Data transformations for dictshield documents
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dictshield-views provides data transformations on DictShield objects.

TL;DR (Show me the code!)

    from dictshield.documents import Document
    from dictshield.views import View

    class Public(WhitelistView):
     fields = ['name', 'body']

    class Post(Document):
     name = StringField()
     body = StringField()
     username = StringField()
     password = PasswordField()

    >>> entry = Post(**{'name':'1', 'body':'2', 'username':'3', 'password':'4'})
    >>> entry.password
    >>> Public(entry).name
    >>> Public(entry).password
    AttributeError: 'Public' doesn't contain the attribute 'entry'



The idea for dictshield-views came from a discussion on brubeck-dev. James Dennis was thinking of how to represent permissioning on a per-field basis for DictShield Documents. The concept of whitelisting and blacklisting fields came up, which reminded me of data transformations provided by GWT's RequestFactory proxies. With these proxies, you can transform your server-side representation of an object to a smaller view (akin to database views) in order to minimize transportation costs.


dictshield-views provides View objects, which allow you to customize the representation of the original object. Views can be though of in two major groups: restrictive views or transformational views.

A great example of a restrictive view is a field white or black list. Given the object:

    from dictshield.document import Document
    from dictshield.fields import StringField

    class User(Document):
      username = StringField();
      full_name = StringField();
      password = PasswordField();
      bio = StringField();

When we serialize this a client app, we may want to strip out some data so it isn't leaked (such as their password).

    class PublicView(RestrictiveView):

This is an example view which blacklists access to the password field. You can instantiate these views with a Document that at least has a password field. Access to all other fields acts as normal, but when requesting a field under restriction, an exception is raised.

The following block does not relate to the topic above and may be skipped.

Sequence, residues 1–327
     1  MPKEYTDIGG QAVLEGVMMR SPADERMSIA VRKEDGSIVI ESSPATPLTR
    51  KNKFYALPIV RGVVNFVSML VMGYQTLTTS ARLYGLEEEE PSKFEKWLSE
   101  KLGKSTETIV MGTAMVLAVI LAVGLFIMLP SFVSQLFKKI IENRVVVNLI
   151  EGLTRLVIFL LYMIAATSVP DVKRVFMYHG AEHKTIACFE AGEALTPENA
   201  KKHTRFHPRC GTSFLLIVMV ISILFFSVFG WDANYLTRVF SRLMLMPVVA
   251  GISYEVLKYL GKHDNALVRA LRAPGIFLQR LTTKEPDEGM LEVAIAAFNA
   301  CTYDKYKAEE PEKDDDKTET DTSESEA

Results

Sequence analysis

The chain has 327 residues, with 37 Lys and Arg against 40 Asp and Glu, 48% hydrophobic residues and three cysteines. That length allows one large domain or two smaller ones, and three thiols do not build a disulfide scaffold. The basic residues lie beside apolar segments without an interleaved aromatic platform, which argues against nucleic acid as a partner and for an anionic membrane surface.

>>> user = User(**{'username':'justinlilly',
    ...   'full_name':'Justin Lilly',
    ...   'password':'s3cur3!',
    ...   'bio': 'Born, now just trying to survive.'})
    >>> public_user = PublicView(user)
    >>> user.password
    >>> public_user.password
    Traceback (most recent call last):
      File "<stdin>", line 1, in <module>
    AttributeError: 'PublicView' object has no attribute 'password'

The other main type of views are transformative views. These views serve to alter the content of the underlying Document. A fun example of this might be a pirate speak view, but more serious versions might be a curse word filter, a view which will on-the-fly scale images into a scaled down size or compositing multiple fields into a synthetic field.

    class PirateSpeak(TransformativeView):
      transformable=['bio', 'full_name']

      def transform(self, field_name, value):
        if field_name == 'full_name':
          names = value.split()
          names[-1] = "Blackbeard"
          value = ' '.join(names)
        elif field_name == 'bio':
          value = pirateify(value)
        return value

How it works

RestrictiveView works by overriding the __getattr__() method. In the case of a whitelist, if the requested attribute isn't in the set of fields in the white list, an AttributeError is raised. If it is in the set, the call is proxied back to the instance of the Document.

TransformativeView is a bit different. When you attempt to get the backing attribute of the Document underlying the view, it is run through processing (assuming the attribute is in the transformable list), and the result is returned. The transform method is given a copy of the value from the underlying value.


My biggest concern here is that you could build arbitrarily long chains of these views, which could cause a performance problem if each of them is just proxying back to the previous one to get an attribute. I haven't done much thinking as to how this could be mitigated, but doesn't seem untractable.



  • TODO(justinlilly): Does requiring the backing model to have a password field matter? Should we just override getattr and if its password, blow up, otherwise let python handle it?

  • TODO(justinlilly): When you request a blacklisted field, should you get an exception, or a simple "doesn't exist, sorry" result?

  • TODO(justinlilly): How important is composeability with these Views?

  • TODO(justinlilly): Should TransformativeView do convention over configuration and make transform_bio(value) be for the bio call? I think I like that a bit better. Could also likely remove the transformable list.